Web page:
The Science Journal of the American Association for Respiratory Care

2000 OPEN FORUM Abstracts

INDEPENDENT LUNG VENTILATION WITH CONVENTIONAL AND HIGH FREQUENCY OSCILLATORY VENTILATION

Harrison, Julie RRT; Cox, Timothy RRT; McCloskey, John MD A.I. DuPont Hospital for Children, Thomas Jefferson Medical College, Wilmington, De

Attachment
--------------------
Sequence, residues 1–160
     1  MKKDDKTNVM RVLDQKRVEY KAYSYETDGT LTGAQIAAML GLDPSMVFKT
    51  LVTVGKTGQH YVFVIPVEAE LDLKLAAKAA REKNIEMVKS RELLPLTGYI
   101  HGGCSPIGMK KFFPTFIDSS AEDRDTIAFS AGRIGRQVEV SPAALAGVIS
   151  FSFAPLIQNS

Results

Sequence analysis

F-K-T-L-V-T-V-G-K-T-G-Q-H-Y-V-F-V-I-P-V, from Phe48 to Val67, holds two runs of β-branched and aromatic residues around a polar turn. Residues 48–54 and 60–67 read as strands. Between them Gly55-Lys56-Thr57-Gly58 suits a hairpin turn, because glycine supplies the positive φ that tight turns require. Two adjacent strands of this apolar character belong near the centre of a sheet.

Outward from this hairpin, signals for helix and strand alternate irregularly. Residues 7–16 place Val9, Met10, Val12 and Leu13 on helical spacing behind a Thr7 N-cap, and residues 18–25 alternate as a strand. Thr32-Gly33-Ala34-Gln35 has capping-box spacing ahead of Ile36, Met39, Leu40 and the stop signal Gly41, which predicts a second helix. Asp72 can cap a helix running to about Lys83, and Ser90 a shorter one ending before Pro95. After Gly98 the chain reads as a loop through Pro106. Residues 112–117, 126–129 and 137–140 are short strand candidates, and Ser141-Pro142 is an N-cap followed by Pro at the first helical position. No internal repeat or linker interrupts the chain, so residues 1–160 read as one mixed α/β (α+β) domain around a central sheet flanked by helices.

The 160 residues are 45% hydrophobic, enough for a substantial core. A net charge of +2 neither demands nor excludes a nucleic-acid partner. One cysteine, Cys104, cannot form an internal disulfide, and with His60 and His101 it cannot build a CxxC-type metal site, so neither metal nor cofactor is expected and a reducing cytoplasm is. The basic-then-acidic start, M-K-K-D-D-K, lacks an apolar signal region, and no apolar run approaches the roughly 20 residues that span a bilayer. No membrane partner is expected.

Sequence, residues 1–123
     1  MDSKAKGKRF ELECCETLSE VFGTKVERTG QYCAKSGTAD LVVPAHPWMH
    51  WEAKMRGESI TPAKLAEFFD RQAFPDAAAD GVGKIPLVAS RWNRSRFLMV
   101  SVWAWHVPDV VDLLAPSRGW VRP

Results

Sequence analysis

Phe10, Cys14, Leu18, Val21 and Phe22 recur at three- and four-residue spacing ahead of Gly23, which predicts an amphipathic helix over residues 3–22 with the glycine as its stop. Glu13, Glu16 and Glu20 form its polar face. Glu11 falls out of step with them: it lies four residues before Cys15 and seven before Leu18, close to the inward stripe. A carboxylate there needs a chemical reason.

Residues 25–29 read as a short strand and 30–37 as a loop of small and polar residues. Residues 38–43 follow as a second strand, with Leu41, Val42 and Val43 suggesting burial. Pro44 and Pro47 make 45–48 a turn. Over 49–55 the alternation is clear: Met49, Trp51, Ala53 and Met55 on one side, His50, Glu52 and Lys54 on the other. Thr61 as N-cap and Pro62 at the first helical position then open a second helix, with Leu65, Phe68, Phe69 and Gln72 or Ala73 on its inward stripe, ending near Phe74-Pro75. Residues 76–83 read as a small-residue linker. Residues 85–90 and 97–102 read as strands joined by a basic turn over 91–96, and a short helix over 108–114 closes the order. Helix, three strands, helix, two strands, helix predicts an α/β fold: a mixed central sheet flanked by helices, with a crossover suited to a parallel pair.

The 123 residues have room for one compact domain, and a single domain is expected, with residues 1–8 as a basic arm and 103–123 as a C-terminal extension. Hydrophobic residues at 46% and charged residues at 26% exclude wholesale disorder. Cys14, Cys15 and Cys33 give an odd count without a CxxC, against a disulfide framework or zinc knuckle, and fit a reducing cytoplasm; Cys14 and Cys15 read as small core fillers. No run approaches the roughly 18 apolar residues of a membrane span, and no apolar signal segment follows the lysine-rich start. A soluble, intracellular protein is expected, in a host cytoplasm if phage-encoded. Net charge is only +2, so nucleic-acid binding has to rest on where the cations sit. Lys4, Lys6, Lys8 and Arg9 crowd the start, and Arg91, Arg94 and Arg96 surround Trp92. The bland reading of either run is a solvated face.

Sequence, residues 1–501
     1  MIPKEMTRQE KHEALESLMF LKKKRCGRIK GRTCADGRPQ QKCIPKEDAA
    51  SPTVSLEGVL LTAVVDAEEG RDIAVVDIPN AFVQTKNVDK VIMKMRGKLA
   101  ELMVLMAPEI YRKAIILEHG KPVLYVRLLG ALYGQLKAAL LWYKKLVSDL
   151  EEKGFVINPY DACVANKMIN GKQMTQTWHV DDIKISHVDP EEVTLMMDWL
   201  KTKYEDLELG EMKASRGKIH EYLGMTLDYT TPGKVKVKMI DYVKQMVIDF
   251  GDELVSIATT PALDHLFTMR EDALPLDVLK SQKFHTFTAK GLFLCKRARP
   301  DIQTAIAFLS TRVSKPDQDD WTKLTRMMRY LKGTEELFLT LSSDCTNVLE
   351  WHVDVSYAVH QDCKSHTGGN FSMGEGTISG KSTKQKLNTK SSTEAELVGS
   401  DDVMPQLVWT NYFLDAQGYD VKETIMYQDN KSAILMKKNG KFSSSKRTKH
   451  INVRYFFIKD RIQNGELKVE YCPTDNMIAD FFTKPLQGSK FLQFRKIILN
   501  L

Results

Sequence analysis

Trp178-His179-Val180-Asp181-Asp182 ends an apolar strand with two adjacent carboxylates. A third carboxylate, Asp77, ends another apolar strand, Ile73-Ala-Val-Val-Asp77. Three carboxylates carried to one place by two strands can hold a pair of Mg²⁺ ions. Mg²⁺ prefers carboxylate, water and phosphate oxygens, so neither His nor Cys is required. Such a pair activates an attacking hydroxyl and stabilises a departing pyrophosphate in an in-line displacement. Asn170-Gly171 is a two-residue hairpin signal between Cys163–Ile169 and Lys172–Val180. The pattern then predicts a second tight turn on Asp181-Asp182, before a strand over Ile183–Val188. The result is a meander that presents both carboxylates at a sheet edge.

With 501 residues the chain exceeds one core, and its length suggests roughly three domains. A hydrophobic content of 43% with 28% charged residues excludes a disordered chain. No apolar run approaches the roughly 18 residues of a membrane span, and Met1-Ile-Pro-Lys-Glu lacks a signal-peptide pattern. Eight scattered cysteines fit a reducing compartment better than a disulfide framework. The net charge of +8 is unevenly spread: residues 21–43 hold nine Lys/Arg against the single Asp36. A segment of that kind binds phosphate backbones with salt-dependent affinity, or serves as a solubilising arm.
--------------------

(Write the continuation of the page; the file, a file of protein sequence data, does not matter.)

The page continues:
Introduction: Independent Lung Ventilation (ILV) has an established role in the mechanical ventilation world, but users must be familiar with its complexities so it can be appropriately applied. ILV is shown to be beneficial for bronchopleural fistula, unilateral lung disease, massive hemoptysis and for thoracic surgery. Generally, ILV utilizes two like ventilators, but we present a case summary utilizing conventional mechanical ventilation and High Frequency Oscillatory Ventilation (HFOV) to recruit the right upper lobe of a patient with a upper respiratory infection (URI). Case Summary: WF, a 7-month-old, ex-28 week pre-mature baby with a 12 day history of URI symptoms was placed on antibiotic therapy at home. On the day 13, the baby had increased WOB, nasal congestion, cough, loose stools, normal amount of wet diapers, no fever or vomiting. The baby presented to the emergency room with SaO2 in the 80's, RR 80-100, retracting and flaring. Anterior/posterior chest X-ray showed RUL pneumonia. His past medical history revealed hypoxic encephalopathy and neurologic damage, gastro-esophageal reflux (GER), and a fundoplication. The patient was admitted with the diagnosis of right upper lobe (RUL) pneumonia secondary to aspiration. The baby was placed on high flow O2, Timentin, and a Beta Agonist via small volume nebulizer. On Day 2, the baby was intubated with a 3.5 endotracheal tube (ETT) for continued desaturations and placed on a Bird VIP (Thermo-Respiratory Group, Palm Springs, Ca.). On Hospital Day 3, both rigid and flexible bronchoscopy showed increased secretions from the right lung; but otherwise normal anatomy. During Hospital Days 3, 11 attempts were made to increase the Peak End Expiratory Pressure (PEEP) level from 5 to 6 to 8 to recruit RUL. The left lung gradually became overdistended while the RUL remained solidified. The PIP's on the ventilator were then increasing to 37-39 cmH2O. At this point, WF was placed on a High Frequency Oscillatory Ventilator (HFOV) (Thermo-Respiratory Group, Palm Springs, Ca.) starting at Mean Airway Pressure (MAP) 20-24, Amplitude (AMP) 64-80, Frequency (Hz) 10, Fractional Inspired Oxygen (FiO2) .60 The CXR was still showing overdistention of the left lung and consolidation of the RUL, and the patient was still having periods of desaturation. The patient was changed back to conventional ventilation, and the decision was made to initiate ILV. The patient was intubated with two 3.0 ETTs; one in the right mainstem for the HFOV and one in the trachea for conventional ventilation (CV). Settings were as follows: HFOV: AMP 52, Hz 10, MAP 15®18®12, FiO2 .37-.40; Volume Cycled: IMV mode, RR 36®30, Vt. 80cc, PEEP 7, FiO2 .40-.30, PIP's ranged from 20 to mid 30's with MAP's 10-12.7. The patient remained on Independent Lung Ventilation for 3 days, at which time he was then changed back to conventional ventilation for 12 days. He was then extubated, and within the next 10 days, was gradually weaned to room air and discharged. Discussion: In conclusion, the decision to independently ventilate each lung was made to prevent barotrauma to the left lung, while recruiting the pneumonic RUL, resulting in successful recruitment of the RUL and prevention of barotrauma.

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